OverviewThe Gulf Islands National Seashore preserves the natural environment of Gulf Coast environments including scrub shrub, fresh and saltwater marshes, oak hammocks, dune communities, and maritime forests. In addition to preserving a variety of natural habitats, GUIS contains several historic buildings. Tropical storms and hurricanes occur regularly along the Gulf Coast and are important drivers of many natural processes at the National Seashore. Barrier islands are incredibly dynamic systems that are constantly reworked through erosion and accretion by storm events, long-term currents, waves, sea level change, and available sediment supply. Many vegetation communities along the Gulf Coast are highly dynamic and resilient to hurricane and tropical storm disturbance. Sea oats grasslands, slash pine communities, and dune vegetation communities regenerate quickly following mild hurricane and tropical storm events.
The Gulf Islands Vegetation Inventory Project delivers many geospatial and vegetation data products, including an in-depth project report discussing methods and results, which include descriptions to vegetation associations, field keys to vegetation associations, map classification, and map-class descriptions. The suite of products also includes a database of vegetation plots, and accuracy assessment (AA) sites; digital images of field sites; digital aerial imagery; digital maps; a contingency table listing AA results; and a geodatabase of vegetation, field sites (vegetation plots, and AA sites), aerial imagery, project boundary, and metadata.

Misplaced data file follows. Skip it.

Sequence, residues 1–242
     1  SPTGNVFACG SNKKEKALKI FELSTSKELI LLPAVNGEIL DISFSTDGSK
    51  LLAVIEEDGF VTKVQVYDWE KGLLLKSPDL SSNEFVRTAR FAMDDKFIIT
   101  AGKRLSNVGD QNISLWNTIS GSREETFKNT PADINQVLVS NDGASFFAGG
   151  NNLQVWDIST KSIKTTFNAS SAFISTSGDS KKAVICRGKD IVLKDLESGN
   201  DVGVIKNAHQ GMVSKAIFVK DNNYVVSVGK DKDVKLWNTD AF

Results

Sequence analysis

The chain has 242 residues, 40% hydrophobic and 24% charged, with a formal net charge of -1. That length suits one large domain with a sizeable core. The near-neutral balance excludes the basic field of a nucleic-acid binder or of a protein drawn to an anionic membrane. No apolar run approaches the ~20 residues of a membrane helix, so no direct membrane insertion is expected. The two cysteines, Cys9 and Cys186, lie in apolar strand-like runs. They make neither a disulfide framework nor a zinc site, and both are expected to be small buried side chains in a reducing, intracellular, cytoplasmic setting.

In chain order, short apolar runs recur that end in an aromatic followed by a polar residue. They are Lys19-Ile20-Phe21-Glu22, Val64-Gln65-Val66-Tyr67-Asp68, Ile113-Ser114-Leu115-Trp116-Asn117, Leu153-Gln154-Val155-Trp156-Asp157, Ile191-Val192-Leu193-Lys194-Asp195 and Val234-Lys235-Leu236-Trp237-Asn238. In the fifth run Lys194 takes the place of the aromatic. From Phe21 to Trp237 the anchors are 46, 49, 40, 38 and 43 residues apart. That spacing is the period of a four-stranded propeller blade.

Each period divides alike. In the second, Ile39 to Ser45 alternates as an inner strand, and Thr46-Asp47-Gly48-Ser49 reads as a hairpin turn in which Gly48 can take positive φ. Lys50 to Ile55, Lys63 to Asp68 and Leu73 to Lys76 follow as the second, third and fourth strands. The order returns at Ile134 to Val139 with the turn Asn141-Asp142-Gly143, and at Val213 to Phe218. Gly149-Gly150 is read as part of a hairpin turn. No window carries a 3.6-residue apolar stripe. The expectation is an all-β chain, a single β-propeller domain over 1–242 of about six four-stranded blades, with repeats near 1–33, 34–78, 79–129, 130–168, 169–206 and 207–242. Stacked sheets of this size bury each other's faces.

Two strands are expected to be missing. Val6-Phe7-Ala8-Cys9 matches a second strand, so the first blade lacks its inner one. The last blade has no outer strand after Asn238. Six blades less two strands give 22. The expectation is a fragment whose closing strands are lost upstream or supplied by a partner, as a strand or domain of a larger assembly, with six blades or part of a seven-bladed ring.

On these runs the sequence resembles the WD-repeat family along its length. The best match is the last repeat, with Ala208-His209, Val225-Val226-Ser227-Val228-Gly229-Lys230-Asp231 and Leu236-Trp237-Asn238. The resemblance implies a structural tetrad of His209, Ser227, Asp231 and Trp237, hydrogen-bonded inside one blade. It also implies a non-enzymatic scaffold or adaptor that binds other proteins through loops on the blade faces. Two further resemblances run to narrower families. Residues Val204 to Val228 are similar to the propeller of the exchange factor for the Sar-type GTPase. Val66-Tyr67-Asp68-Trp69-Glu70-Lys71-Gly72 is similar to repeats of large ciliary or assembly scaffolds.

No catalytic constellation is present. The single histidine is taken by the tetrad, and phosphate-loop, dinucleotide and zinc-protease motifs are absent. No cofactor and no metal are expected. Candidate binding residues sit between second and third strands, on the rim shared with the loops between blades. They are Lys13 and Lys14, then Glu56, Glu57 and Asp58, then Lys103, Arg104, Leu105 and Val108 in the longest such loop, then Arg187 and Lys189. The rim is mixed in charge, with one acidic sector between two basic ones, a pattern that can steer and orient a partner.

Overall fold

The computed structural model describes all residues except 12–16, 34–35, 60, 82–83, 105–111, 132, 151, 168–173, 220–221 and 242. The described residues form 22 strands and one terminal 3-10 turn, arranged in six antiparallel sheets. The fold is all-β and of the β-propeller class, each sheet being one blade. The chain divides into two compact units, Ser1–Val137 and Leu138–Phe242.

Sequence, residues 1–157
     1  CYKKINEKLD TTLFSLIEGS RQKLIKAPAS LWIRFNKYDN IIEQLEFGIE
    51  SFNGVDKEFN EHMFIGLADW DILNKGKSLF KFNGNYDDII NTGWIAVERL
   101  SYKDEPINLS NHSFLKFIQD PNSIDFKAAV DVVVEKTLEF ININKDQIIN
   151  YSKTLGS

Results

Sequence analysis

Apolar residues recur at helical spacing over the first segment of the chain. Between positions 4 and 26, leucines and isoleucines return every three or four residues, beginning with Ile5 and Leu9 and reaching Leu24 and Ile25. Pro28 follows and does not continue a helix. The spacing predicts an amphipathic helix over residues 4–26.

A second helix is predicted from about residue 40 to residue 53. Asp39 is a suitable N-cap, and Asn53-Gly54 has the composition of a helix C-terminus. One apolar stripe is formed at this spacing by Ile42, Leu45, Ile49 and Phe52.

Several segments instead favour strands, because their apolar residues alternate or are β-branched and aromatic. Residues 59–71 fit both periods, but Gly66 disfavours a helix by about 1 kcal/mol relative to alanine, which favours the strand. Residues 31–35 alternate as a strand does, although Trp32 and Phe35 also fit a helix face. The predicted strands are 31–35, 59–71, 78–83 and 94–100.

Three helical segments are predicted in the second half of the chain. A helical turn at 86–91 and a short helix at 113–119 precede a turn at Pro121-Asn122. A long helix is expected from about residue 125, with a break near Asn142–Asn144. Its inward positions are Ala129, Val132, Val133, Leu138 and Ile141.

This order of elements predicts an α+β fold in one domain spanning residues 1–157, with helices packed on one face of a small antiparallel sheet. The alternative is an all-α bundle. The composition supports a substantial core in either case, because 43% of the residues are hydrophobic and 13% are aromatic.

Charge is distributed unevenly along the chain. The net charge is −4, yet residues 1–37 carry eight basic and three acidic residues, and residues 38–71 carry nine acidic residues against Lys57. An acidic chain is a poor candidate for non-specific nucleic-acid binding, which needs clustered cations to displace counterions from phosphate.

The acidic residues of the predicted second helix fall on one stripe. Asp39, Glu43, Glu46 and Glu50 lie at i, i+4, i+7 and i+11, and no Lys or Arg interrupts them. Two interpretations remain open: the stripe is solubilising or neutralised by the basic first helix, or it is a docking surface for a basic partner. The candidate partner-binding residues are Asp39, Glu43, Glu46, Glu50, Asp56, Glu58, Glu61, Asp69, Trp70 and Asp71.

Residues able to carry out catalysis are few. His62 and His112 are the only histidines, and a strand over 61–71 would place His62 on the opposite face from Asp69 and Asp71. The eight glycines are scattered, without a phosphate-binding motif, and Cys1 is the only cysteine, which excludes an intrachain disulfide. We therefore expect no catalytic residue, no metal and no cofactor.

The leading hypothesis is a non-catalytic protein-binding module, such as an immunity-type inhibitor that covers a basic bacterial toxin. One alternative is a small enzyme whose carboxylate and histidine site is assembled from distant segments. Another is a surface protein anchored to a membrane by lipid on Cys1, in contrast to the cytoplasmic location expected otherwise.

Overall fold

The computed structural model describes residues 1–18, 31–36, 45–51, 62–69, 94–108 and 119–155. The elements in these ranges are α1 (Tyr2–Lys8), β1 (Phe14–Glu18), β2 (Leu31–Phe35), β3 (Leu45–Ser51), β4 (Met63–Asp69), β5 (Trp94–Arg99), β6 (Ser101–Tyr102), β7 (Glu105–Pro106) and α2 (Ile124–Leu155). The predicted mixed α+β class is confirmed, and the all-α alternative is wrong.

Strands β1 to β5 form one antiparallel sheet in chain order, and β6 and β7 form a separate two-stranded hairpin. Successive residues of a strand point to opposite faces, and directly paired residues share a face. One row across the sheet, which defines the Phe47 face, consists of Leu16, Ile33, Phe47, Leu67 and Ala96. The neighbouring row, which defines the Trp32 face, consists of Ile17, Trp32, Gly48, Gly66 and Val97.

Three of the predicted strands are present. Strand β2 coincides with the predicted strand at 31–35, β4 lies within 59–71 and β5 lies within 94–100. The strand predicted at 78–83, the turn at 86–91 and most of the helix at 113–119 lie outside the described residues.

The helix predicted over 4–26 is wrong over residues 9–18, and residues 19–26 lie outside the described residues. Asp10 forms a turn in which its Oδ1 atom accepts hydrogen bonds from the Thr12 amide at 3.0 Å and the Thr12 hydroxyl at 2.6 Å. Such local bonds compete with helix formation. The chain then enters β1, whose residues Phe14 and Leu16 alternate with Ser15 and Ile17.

The products of vegetation mapping projects are stored and managed in the National Park Service's Data Store, a repository for documents and publications relating to park resources. From the highlighted items below, click on the type of information you are looking for.
Last updated: April 28, 2021